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Moderate Exercise Benefits MS, Too Much Exercise Does Not

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Moderate Exercise Benefits MS, But Too Much Does Not Konstantin Yuganov/Fotolia

Not many years ago, people with multiple sclerosis were advised to stay in bed and not exert themselves. But over the last 20 years, research has shown that exercise benefits those with MS.

Patients energy and balance can increase, muscle atrophy can decrease, according to Multiple Sclerosis News Today. Spasticity (stiffness and involuntary muscle spasms) can be better controlled, and day-to-day life may be easier to manage.

The  importance of exercise for people with MS was stressed by Susan E. Bennett, a clinical professor at the departments of Rehabilitation Science and Neurology at the University of Buffalo and an associate in the UB Neurosurgery department at CMSC 2016, according to Multiple Sclerosis News Today.

Though the progression of the disease is not slowed by regular exercise, cognitive ability and depression can decrease, and an overall sense of well-being can increase.

"Now what’s been shown is 20 minutes of moderate exercise with someone with MS actually promotes the secretion of brain-derived growth factor,” said Bennett.

She suggested that exercise time should be short at first, slowly building up to 20 minutes in a day. The type of MS medication someone takes or the type of MS they have does not seem to affect the benefit exercise offers to MS patients.

Bennett gives the same advice to those with primary progressive MS (PPMS) as she does to those with relapsing-remitting MS (RRMS).

About 15 percent of those with MS have PPMS, where symptoms continue to worsen, without remission. RRMS is the most common form of MS. Relapses, also called exacerbations, will be followed by remissions which are partial or total recovery for a temporary period.

A University of Utah study from 1996 was the first research to indicate that people with MS who exercise aerobically can experience improvement in strength and cardiovascular condition, and better elimination.  They may be less tired or depressed. They may be more inclined to be sociable. Cognition and mood may be elevated.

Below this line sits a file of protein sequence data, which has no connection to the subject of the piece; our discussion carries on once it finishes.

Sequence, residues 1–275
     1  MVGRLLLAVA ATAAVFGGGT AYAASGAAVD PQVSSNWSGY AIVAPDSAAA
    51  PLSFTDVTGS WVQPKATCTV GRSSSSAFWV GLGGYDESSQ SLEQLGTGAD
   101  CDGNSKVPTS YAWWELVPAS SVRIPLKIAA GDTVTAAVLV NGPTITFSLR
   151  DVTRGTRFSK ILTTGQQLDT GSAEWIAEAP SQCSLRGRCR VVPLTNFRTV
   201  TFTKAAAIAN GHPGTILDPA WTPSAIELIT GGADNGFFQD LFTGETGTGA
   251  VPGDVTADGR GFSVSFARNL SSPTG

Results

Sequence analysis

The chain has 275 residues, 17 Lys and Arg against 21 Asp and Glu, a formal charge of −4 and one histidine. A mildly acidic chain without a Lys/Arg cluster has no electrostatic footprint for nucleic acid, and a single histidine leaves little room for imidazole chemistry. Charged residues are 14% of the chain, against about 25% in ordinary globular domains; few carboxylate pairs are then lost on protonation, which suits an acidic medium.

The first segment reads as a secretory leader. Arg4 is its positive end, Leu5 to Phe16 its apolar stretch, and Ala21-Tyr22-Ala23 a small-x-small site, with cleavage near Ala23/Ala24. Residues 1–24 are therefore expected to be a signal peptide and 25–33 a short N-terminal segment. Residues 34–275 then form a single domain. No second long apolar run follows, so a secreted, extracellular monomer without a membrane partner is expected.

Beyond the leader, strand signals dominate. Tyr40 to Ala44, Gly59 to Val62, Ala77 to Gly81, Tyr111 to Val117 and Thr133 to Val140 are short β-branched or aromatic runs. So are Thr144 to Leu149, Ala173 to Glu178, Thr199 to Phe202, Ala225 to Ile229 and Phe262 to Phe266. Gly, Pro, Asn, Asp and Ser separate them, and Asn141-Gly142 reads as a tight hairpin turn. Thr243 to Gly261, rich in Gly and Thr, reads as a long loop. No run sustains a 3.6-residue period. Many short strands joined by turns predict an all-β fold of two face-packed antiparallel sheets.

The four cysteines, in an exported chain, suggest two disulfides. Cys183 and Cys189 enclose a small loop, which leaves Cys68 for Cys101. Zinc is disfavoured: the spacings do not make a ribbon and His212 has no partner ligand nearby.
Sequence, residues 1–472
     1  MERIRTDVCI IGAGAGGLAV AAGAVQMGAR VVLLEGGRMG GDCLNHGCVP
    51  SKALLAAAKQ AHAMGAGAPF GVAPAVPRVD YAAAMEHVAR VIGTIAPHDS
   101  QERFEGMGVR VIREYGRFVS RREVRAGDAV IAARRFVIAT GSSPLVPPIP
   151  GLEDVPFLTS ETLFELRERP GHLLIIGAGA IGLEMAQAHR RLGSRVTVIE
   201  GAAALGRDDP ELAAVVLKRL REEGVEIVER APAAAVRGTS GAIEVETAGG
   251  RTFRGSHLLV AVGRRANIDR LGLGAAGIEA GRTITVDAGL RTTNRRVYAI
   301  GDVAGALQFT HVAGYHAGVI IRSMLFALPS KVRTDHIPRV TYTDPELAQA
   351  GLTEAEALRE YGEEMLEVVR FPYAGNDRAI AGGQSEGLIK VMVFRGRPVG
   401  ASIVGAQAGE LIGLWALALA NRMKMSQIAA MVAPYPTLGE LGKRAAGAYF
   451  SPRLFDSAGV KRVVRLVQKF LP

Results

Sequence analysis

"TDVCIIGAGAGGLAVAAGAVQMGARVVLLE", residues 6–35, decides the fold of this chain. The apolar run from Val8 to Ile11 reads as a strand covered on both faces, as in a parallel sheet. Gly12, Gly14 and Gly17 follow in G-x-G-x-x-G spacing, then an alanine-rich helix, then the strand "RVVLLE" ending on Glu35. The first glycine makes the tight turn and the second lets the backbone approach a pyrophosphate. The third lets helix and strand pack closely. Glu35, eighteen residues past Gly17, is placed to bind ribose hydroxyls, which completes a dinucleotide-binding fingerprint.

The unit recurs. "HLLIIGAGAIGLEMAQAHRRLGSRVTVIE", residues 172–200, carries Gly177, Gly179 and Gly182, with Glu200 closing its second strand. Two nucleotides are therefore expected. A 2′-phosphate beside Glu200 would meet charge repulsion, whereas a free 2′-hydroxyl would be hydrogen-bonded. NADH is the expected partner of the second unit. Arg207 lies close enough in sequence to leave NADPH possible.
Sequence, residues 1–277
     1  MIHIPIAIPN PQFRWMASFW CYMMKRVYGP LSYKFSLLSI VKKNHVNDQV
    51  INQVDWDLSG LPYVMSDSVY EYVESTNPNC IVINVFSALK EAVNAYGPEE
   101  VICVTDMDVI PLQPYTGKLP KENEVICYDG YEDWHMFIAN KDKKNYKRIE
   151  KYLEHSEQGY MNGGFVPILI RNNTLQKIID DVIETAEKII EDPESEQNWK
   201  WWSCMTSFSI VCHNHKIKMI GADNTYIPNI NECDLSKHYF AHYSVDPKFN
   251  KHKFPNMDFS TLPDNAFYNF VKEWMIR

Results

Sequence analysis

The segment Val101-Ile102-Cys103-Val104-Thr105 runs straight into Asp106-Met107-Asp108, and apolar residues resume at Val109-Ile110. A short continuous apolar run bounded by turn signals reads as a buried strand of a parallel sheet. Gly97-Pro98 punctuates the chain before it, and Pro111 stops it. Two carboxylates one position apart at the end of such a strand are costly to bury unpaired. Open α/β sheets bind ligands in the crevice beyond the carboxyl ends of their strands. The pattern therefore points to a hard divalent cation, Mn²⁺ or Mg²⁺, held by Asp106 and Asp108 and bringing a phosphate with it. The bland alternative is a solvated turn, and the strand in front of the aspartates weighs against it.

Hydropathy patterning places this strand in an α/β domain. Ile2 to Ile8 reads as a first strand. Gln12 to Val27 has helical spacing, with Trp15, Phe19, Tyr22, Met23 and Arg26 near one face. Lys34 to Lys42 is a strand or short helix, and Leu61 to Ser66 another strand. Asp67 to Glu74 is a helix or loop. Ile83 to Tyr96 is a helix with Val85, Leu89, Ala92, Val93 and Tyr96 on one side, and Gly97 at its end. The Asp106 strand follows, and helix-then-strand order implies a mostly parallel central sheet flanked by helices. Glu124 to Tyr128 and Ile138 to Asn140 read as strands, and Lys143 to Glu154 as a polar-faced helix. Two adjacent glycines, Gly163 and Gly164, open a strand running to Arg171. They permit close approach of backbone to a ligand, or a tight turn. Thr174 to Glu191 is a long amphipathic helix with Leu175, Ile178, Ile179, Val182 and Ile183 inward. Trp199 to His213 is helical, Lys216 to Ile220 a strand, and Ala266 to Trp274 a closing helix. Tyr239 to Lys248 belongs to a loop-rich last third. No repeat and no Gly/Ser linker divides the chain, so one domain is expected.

They may have less risk for coronary heart disease, or bone fracture. Their muscles and bone density may improve.

The benefits of exercise are right there in black and white, but for the person with MS it's not just a matter of will power. MS is a disease that can affect all areas of life and any exercise program must be made to fit the abilities and inabilities of the individual.

Though the person with MS might want to dive into a strong exercise program, they must protect themselves from overexertion.

In general, exercise should not be done during the warmest time of day. It need not be cardiovascular if this poses a problem for the person with MS.

Yoga and tai chi are gentle exercises that may be suitable for someone with MS. Swimming can also be beneficial. And remember that pastimes like cooking, gardening and working around the house count as activity.

A physical therapist can help to design or supervise a program. Any new exercise should also be reviewed by a physician.

It's important to take note that what is recommended for those with MS is moderate exercise, and the MS version is more moderate than for the average American.

For instance Christopher Travers, MS, an exercise physiologist on staff for both Cleveland Clinic Sports Health and Cleveland Clinic Executive Health, describes the general consensus among groups like the American Heart Association and the CDC as being 150 minutes per week or half an hour five days a week.

Heart rate according to this standard should increase by 50 to 60 percent, and talking should be a little more difficult than normal, but without gasping.

The person living with MS needs to keep in mind that moderate for them is just not the same as it is for the rest of the world.

Even well-intentioned friends and family can cause problems if they encourage the person with MS to shoot for "moderate" activity that is 30 minutes at a time rather than 20 minutes. They can cause problems if they are encouraging activity that is too strenuous for the person with MS.

It's essential that those who are ill be aware of what their personal limits are, whether they like them or not. While there is no research to indicate that overexertion can cause a relapse, it can cause muscle pain and strain which those with MS can well do without.

Pushing can cause problems and delay any exercise program. Start small, take it slow, with the hope that exercise can be expanded upon over time.

Reviewed August 2, 2016
by Michele Blacksberg RN
Edited by Jody Smith

#CMSC16 – Susan Bennett On the Importance of Exercise for MS Patients. JUNE 3, 2016Ines Martins, PhDBY INES MARTINS, PHDIN NEWS. Multiplesclerosisnewstoday.com. Retrieved July 30, 2016.

Types of MS. Nationalmssociety.org. Retrieved July 30, 2016.

Exercise. Nationalmssociety.org. Retrieved July 30, 2016.

What Does Moderate Exercise Mean, Anyway? Health.clevelandclinic.org. Retrieved July 30, 2016.

Multiple Sclerosis and Exercise. WebMD.com. Retrieved July 30, 2016.

Multiple Sclerosis Symptoms Can Benefit from Moderate Exercise. Empowher.com. Retrieved July 30, 2016.

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We value and respect our HERWriters' experiences, but everyone is different. Many of our writers are speaking from personal experience, and what's worked for them may not work for you. Their articles are not a substitute for medical advice, although we hope you can gain knowledge from their insight.

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